(Psalms 32:1-5) Blessed is he whose transgression is forgiven, whose sin is covered. (2) Blessed is the man unto whom the LORD imputeth not iniquity, and in whose spirit there is no guile. (3) When I kept silence, my bones waxed old through my roaring all the day long. (4) For day and night thy hand was heavy upon me: my moisture is turned into the drought of summer. Selah. (5) I acknowledged my sin unto thee, and mine iniquity have I not hid. I said, I will confess my transgressions unto the LORD; and thou forgavest the iniquity of my sin. Selah.”

 

(Psalms 51:1-4) “To the chief Musician, A Psalm of David, when Nathan the prophet came unto him, after he had gone in to Bathsheba. —— Have mercy upon me, O God, according to thy lovingkindness: according unto the multitude of thy tender mercies blot out my transgressions. (2) Wash me thoroughly from mine iniquity, and cleanse me from my sin. (3) For I acknowledge my transgressions: and my sin is ever before me. (4) Against thee, thee only, have I sinned, and done this evil in thy sight: that thou mightest be justified when thou speakest, and be clear when thou judgest.”

 

 

Our Influence

 

5thThe fifth lesson to be learned from David’s fall is the fact that our lives affect a lot of people and a lot of things. — None of us lives unto himself. Everything we say and everything we do affects other people. Our companions, our children, our brethren, our neighbors, our friends, and our enemies are watching us. What we say and do does affect them!

 

The scandalous lives of people who profess faith in Christ and the scandalous actions of people who possess faith in Christ are matters of grave concern, because they give men occasion to blaspheme the name of our God. The more prominent and influential a person is the more severe the consequences of his sin are (Romans 2:23-24). — Lot led his family to destruction!

  • Pastors
  • Parents
  • Employers

 

Though God did not punish David for his sin personally (His sin was punished in Christ!), he did chasten him publicly. He had to vindicate his honor and show his displeasure with David’s sin. Notice the consequences of David’s sin.

 

  • The name of the Lord was blasphemed (12:14).

 

(2 Samuel 12:14) “Howbeit, because by this deed thou hast given great occasion to the enemies of the LORD to blaspheme, the child also that is born unto thee shall surely die.”

 

  • The child of David’s lust was killed (12:18).

 

(2 Samuel 12:18) “And it came to pass on the seventh day, that the child died. And the servants of David feared to tell him that the child was dead: for they said, Behold, while the child was yet alive, we spake unto him, and he would not hearken unto our voice: how will he then vex himself, if we tell him that the child is dead?”

 

  • The sword would never depart from his house (12:10).

 

(2 Samuel 12:10) “Now therefore the sword shall never depart from thine house; because thou hast despised me, and hast taken the wife of Uriah the Hittite to be thy wife.”

 

  • David reaped the consequences of his sin in his children (12:11-12; 16:22).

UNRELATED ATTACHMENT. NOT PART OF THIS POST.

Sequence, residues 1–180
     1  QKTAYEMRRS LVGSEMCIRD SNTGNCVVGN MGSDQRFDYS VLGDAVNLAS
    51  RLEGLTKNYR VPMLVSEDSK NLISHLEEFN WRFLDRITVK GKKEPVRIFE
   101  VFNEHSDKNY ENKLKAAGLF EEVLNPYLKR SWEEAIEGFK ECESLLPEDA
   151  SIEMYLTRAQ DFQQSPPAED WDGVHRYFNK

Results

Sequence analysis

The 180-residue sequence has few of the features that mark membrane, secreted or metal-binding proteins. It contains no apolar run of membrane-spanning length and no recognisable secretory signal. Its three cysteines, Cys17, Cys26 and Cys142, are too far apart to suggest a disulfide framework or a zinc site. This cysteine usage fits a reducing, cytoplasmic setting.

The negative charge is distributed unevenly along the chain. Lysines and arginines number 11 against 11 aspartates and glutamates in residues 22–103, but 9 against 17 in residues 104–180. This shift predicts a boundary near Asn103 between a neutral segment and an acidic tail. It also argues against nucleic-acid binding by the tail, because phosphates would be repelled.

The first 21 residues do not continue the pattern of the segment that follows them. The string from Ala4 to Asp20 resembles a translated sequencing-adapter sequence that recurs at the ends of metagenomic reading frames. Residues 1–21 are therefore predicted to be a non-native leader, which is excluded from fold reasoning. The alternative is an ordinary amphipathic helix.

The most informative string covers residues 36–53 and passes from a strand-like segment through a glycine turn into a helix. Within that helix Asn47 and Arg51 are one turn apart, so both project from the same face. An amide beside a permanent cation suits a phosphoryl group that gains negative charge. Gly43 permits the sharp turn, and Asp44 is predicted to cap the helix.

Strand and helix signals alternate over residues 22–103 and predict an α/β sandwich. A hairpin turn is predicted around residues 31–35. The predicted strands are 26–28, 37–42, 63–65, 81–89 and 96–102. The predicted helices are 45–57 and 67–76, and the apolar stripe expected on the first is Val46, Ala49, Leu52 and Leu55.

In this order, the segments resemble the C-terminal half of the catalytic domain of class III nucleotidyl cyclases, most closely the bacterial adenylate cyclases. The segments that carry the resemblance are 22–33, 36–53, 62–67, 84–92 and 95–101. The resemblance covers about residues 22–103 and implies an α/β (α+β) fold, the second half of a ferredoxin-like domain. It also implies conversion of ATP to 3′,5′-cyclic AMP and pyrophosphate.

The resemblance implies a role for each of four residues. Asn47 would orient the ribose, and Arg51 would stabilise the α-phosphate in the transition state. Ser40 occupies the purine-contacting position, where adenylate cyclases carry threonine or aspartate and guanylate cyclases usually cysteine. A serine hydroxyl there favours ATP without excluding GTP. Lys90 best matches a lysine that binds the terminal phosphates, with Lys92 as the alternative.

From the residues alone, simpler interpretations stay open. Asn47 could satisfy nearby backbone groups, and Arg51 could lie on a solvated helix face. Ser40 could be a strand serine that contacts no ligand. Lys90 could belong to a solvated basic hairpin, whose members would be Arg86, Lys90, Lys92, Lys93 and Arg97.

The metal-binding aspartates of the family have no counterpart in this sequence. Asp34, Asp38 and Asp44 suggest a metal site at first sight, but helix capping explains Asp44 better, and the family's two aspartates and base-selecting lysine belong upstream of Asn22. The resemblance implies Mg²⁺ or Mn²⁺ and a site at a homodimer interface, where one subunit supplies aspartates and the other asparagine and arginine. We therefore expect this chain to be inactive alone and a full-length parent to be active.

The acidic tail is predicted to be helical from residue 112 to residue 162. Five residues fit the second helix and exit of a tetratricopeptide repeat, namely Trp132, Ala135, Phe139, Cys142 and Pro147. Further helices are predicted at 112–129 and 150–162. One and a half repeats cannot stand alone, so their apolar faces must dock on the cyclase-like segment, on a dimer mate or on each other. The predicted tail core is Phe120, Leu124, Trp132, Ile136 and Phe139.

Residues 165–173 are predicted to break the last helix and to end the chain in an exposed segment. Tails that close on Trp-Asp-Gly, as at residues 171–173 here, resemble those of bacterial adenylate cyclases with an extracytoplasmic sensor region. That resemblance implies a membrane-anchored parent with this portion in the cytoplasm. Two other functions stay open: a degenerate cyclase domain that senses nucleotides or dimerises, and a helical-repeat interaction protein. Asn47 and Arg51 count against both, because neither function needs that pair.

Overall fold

(2 Samuel 12:11-12) “Thus saith the LORD, Behold, I will raise up evil against thee out of thine own house, and I will take thy wives before thine eyes, and give them unto thy neighbour, and he shall lie with thy wives in the sight of this sun. (12) For thou didst it secretly: but I will do this thing before all Israel, and before the sun.”

 

(2 Samuel 16:22) “So they spread Absalom a tent upon the top of the house; and Absalom went in unto his father’s concubines in the sight of all Israel.”

 

  • Amnon learned to live by his lusts by watching his father gratify his own lusts.
  • Absalom learned to despise his father by his father’s deeds.
  • Ahithophel learned to betray his trusted friend by David’s deeds.

 

Beware, my friend, your sin will find you out. You cannot take fire to your bosom and not get burned. You cannot sin against God and get by. Your sin and mine has its consequences…

  • Upon the name of God.
  • Upon the family of God.
  • Upon all who are under our influence.

 

Our Merciful God

 

6thThe sixth lesson to be learned from this sad story is the fact that the Lord our God is merciful and gracious to forgive sin (12:13). (See Psalm 103:8-14).

 

(2 Samuel 12:13) “And David said unto Nathan, I have sinned against the LORD. And Nathan said unto David, The LORD also hath put away thy sin; thou shalt not die.”

 

(Psalms 103:8-14) “The LORD is merciful and gracious, slow to anger, and plenteous in mercy. (9) He will not always chide: neither will he keep his anger for ever. (10) He hath not dealt with us after our sins; nor rewarded us according to our iniquities. (11) For as the heaven is high above the earth, so great is his mercy toward them that fear him. (12) As far as the east is from the west, so far hath he removed our transgressions from us. (13) Like as a father pitieth his children, so the LORD pitieth them that fear him. (14) For he knoweth our frame; he remembereth that we are dust.”

 

David was so overwhelmed by the goodness and grace of God in forgiving his sin that when he wrote about it he could not extol the grace of God enough (Psalm 32; 51).

 

It is still true, “If we confess our sins, he is faithful and just to forgive us our sins, and to cleanse us from all unrighteousness” (1 John 1:9). “Who is a God like unto thee, that pardoneth iniquity?” (Micah 7:18). Our God is God “who delighteth in mercy!”